George Eliot said: “It is never too late to be what you might have been,” and I am living proof of that.
I’ve been in love with books since learning to read before kindergarten, thanks to a mother who read to me in a big green chair, sounding out Mother Goose tales until I began to understand the words. Hooked on reading, I started writing poetry in junior high and while I ended up in nursing school, I wrote articles for a nursing journal in addition to my day job and took evening classes for the writing profession I swore I would have one day. Others took summer vacations at the beach; I studied screenplay at NYU, and fiction at the University of Iowa Summer Writing Festival, and wrote things that will never see the light of day.
The years sped past. I published an essay in an anthology, and multiple poems. In middle age, my goal became to write a novel of what I enjoyed reading most: murder mysteries.
Reading mysteries voraciously educated me in the conventions of the genre, noting why my favorite authors kept me anticipating their next novel. I decided a strong sense of setting was important, as was digging into the psychology of the main characters. People are complicated. My characters would face the same heartaches and decisions in life that I did.
I managed to convince the publisher of Mystery Review magazine that I was a wealth of information on mysteries, and should do interviews. For the next seven years, as my nursing career began to wind down, I interviewed my favorite authors. Picking the brains of writers whose work I read helped me to formulate my own writing style. I learned from each author, meeting many in person, among them Val Mc Dermid, Ian Rankin, and Deborah Crombie.
When I finally wrote my first mystery, set in Manhattan, it revolved around a retired detective assigned to guard valuable relics on display at the Frick Museum. I was also finishing a degree in English at St. Joseph’s college. The manuscript had just been completed when our home burned down. Our precious memories were lost, as well as our pets, and all of my writings to date.
The next year passed in a blur as our family moved to North Carolina. I wrote columns for the local newspaper, titled “Southern Exposure,” about a Yankee settling in the south. I decided not to resurrect that New York mystery, but decided to write a series set in England.
In 2000, I was invited to Oxford University to study literature. I jumped at the chance to spend three weeks in that hallowed city where I set my first Nora Tierney English Mysteries. While there, Mystery Scene arranged an interview with my favorite mystery writer, P. D. James. The gracious octogenarian, always my idol, impressed me and encouraged me to consider eventually writing a second series, one about a nurse who worked as a medical consultant for a movie studio. She insisted that my favorite real-life nursing position was one readers would enjoy learning about. After writing several of the Nora Tierney’s, I did just that.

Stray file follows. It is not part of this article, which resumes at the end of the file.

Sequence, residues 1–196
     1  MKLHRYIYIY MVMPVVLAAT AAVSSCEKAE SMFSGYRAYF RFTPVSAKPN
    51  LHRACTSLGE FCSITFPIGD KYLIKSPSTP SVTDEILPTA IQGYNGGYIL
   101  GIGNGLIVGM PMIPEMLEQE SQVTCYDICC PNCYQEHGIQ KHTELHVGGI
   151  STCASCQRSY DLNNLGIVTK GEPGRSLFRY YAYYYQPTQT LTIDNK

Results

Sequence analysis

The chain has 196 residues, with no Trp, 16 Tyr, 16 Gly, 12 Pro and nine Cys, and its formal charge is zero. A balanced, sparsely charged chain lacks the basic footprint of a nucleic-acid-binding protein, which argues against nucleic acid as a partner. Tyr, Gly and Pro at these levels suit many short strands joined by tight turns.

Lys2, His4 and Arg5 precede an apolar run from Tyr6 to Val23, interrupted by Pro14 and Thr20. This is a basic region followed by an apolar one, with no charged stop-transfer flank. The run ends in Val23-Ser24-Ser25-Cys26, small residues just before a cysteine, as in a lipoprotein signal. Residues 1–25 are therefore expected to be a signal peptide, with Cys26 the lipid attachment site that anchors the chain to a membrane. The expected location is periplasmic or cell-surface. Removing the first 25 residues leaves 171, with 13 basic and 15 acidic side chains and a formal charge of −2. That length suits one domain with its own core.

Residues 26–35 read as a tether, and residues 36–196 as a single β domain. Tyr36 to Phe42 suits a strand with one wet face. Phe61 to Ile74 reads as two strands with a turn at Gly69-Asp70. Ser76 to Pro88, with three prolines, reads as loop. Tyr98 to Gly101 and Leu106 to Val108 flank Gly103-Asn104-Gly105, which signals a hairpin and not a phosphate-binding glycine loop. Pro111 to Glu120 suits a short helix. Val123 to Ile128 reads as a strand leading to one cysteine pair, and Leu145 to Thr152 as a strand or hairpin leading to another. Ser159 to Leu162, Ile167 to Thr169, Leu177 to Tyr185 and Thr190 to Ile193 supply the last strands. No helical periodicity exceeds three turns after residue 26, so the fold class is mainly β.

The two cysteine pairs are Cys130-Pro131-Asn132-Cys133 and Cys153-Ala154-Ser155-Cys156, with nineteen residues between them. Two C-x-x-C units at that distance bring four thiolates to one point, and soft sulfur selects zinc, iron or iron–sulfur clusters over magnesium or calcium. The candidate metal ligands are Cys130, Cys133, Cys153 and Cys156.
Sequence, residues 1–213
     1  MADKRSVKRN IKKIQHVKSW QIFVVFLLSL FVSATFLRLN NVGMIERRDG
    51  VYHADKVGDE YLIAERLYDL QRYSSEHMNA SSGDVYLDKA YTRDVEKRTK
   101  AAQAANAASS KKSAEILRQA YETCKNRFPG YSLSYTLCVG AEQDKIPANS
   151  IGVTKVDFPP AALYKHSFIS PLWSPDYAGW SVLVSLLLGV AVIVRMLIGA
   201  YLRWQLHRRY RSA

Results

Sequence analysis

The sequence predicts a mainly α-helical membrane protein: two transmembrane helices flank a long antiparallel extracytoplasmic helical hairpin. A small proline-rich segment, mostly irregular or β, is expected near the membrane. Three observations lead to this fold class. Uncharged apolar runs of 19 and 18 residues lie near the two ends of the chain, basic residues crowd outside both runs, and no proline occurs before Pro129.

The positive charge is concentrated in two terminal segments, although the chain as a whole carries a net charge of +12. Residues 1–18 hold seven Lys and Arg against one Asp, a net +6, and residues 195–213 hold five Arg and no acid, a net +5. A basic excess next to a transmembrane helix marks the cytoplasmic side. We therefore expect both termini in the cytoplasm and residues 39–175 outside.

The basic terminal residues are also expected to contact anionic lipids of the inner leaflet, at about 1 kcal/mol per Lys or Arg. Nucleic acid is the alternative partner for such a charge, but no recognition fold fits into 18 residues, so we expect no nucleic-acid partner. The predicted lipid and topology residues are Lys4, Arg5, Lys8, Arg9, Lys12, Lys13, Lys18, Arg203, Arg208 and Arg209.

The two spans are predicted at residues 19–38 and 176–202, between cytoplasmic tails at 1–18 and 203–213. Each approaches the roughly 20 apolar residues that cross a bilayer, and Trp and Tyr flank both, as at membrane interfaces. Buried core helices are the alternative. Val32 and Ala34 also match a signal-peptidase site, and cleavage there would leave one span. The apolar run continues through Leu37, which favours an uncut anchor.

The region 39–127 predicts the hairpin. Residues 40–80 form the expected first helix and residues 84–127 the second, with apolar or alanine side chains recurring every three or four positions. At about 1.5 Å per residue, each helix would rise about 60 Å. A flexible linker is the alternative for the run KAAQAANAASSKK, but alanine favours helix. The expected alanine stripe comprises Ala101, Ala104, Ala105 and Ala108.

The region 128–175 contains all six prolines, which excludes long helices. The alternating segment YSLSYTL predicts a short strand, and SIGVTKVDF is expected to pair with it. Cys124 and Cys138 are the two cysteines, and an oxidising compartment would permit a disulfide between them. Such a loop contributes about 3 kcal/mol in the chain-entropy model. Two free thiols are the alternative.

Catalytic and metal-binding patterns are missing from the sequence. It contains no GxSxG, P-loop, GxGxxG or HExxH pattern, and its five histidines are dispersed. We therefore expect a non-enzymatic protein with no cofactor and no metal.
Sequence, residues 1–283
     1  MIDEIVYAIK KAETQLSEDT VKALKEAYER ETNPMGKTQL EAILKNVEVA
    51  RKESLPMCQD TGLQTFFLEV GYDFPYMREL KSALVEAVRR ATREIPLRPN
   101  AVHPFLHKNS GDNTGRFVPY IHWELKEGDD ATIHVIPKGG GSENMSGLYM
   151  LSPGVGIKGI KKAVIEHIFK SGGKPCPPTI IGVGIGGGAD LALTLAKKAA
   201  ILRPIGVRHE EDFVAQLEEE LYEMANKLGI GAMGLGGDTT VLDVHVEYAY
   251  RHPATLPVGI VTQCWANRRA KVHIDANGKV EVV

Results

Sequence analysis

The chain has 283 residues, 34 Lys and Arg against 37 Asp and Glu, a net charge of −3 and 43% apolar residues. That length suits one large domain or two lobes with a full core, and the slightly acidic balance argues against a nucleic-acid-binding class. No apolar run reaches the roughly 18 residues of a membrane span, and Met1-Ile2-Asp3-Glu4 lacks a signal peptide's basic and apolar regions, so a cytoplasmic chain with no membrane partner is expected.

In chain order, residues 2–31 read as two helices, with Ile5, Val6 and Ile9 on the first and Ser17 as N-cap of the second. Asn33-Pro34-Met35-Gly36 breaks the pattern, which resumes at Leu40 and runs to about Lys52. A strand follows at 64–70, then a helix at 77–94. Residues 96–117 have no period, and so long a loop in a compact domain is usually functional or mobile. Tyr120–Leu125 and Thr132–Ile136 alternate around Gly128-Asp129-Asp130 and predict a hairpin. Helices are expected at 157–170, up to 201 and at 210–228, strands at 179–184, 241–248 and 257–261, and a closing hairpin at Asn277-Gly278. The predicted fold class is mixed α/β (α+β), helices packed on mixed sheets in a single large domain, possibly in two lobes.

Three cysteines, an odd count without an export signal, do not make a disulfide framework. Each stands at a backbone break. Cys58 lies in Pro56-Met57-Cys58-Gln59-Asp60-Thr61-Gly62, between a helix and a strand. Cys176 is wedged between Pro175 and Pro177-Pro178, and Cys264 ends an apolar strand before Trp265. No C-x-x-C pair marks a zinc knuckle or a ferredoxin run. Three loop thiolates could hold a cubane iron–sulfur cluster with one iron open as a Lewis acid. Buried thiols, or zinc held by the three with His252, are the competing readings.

The Trudy Genova Manhattan Mysteries were born out of that initial meeting, with Trudy having a nose for murder while she works as a medical consultant for a Manhattan movie studio. Once James became my mentor, we remained friends for fifteen years until her death, which is why the first Trudy book, Death Unscripted, is dedicated to her.
And now there’s a second, Death at the Dakota. Set at the home to millionaires and celebrities, remembered as the place where John Lennon died, Trudy’s new case runs alongside that of her boyfriend, NYPD detective Ned O’Malley. In reality, The Dakota doesn’t allow filming in its interior, but in Trudy’s world, they do. Two victims and two murderers, with two cases to solve.
I finally have a mystery series set in New York. I like to picture James talking to St. Peter, explaining that this series is all down to her.
Death at the Dakota, a Trudy Genova Manhattan Mystery, is available at bridlepathpress.com, on Amazon in paperback and Kindle, and this fall on Audible. Marni Graff is also writes the award-winning Nora Tierney English Mysteries, and a crime review blog, www.auntiemwrites.com. She is a member of Sisters in Crime and of the International Association of Crime Writers. Graff lives along a NC river with her husband and two Aussie Doodles.
The Trudy Genova Manhattan Mysteries:
Death at the Dakota Book 2
Death Unscripted Book 1
Finalist: IAN Mystery Award; Shortlisted: Mystery and Mayhem, Chanticleer Book Reviews
The Nora Tierney English Mysteries:
The Golden Hour Book 4: Shortlisted: Mystery and Mayhem Award, Chanticleer Book Reviews
The Blue Virgin: Book 1 WINNER: Classic British Cozy, Chanticleer Book Reviews
The Green Remains: Book 2 WINNER: Classic British Cozy, Chanticleer Book Reviews
The Scarlet Wench: Book 3 Shortlisted: Best Mystery, Chanticleer Book Reviews